- Respiratory Protection Equipment (RPE)
- A change of clothes
- Rags or towels
- Clean water
- Plastic bags
- Notebook and pen (or digital notebook) to make record the incident
In terms of creating company procedures it is best to adopt the policy of “hope for the best, but plan for the worst.”
Every time there is a chance it could be asbestos it’s best to assume its the worst kind and require workers to stop anything they are doing, immediately clear the area, and section it off to prevent anyone from being contaminated. The worst types of asbestos can linger in the air for months after being disturbed — so it’s worth being extra cautious until you know exactly which type of asbestos you are dealing with.
If you have dust or debris on any clothing
During or after an uncontrolled release of asbestos, you may notice dust or debris on your clothing. It’s critical for you to avoid inhaling the hazardous dust, as this is the main cause of asbestos-related diseases, some of which can ultimately result in death.
If you have a little bit of dust on your sleeves or shoes the best thing to do is to wipe down your clothes with a damp rag. Dispose of rags as asbestos waste (at an authorised centre) and keep a detailed record of the event.
If you have a lot of asbestos debris on your clothes, hair, or footwear, the best thing to do is to stay where you are and put on Respiratory Protection Equipment (RPE), if possible.
Once you’ve done that you’ll need to:
- Wipe down your clothing with a damp rag until visually clean
- Remove your top layer of clothing before moving away from the source
- Ask someone with RPE and PPE to help get any remaining debris out of your hair or off your face (or other exposed skin)
- Put all contaminated clothing, towels, and rags into a plastic bag
- Contact a local disposal centre to properly get rid of your asbestos waste
- Keep a record of the incident for you and your employer
Disposal of asbestos
Asbestos is classified as a hazardous material and it must be handled very carefully. As a result of this classification, there are strict regulations governing all of the appropriate asbestos disposal methods, containment packaging, and legal requirements. Each council has information available on where you can find a licensed asbestos disposal site.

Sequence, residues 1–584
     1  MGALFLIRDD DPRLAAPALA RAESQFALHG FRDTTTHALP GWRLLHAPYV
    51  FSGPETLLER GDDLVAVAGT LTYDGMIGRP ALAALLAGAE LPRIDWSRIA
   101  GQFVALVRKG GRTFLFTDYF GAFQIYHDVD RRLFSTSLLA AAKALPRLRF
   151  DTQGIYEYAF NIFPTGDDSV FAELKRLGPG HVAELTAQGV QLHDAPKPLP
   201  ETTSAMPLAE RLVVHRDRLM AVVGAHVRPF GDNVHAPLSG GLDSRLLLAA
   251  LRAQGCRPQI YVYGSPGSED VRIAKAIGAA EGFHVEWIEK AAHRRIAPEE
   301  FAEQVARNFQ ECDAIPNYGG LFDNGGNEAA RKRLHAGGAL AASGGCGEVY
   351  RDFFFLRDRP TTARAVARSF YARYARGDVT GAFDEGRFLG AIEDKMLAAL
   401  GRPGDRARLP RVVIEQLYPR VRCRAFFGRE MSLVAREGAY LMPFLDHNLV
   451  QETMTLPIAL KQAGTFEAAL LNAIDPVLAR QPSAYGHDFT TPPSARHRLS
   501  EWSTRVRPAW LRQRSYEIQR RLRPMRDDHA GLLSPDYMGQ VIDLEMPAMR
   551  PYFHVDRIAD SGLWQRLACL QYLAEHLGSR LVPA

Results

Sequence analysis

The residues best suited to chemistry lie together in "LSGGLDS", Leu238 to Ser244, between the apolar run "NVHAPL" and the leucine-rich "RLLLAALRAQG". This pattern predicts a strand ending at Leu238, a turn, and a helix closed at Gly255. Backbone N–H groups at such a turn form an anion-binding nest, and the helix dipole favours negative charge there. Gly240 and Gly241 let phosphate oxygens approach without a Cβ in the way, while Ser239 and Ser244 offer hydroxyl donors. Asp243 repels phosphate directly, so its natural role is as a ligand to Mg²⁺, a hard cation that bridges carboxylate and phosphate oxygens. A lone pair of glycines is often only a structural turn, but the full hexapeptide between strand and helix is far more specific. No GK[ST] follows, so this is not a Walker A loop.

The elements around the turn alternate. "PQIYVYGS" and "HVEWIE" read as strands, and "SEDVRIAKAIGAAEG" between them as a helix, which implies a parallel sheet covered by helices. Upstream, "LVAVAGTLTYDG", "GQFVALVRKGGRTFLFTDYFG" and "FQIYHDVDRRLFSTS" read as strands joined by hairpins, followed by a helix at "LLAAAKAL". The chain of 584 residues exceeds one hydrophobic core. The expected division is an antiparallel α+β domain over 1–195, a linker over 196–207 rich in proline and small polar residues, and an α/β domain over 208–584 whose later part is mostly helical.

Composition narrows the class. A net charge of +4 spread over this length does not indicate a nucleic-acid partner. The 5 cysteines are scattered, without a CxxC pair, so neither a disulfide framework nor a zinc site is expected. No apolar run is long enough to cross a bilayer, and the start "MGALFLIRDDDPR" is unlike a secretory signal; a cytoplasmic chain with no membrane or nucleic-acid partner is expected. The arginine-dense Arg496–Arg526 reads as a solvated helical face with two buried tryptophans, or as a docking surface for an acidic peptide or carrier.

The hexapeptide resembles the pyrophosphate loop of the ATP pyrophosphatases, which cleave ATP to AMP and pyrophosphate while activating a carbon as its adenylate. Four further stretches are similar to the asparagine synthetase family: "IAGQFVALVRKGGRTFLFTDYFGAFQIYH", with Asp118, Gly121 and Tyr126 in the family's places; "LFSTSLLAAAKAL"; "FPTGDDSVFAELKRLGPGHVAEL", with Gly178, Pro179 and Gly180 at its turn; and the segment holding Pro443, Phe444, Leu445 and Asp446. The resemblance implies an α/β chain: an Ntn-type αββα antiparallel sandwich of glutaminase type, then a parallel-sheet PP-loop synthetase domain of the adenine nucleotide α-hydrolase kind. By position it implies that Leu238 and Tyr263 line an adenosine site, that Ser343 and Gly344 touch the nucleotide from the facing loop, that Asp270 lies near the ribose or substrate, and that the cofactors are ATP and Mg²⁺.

There are three different colours of asbestos and it can be incorporated into many different products. Different methods and procedures for disposal will apply, depending on the specific type of asbestos. You’ll need to contact the disposal centre directly so they can tell you about their asbestos procedures, and so both parties can be prepared for the handling of these materials. This way, you’ll be given all of the information including any daily disposal limits, packaging requirements, and accurate hours of operation.
Proper training is essential
The most important part of dealing with asbestos is to be safe. You can do this by always being prepared with protective equipment and having knowledge on products, items, and types of asbestos, as well as ensuring that staff are properly trained. That’s where we can help here at Browns Safety.
Safety is at the centre of everything we do here at Browns Safety, and we have a range of courses aimed at helping you and your employees stay safe at work. Our safety courses include asbestos awareness training and First Aid. You can book your place on one of these courses by giving us a call on 01282 615517, or registering your interest on the page itself. Your safety is our priority!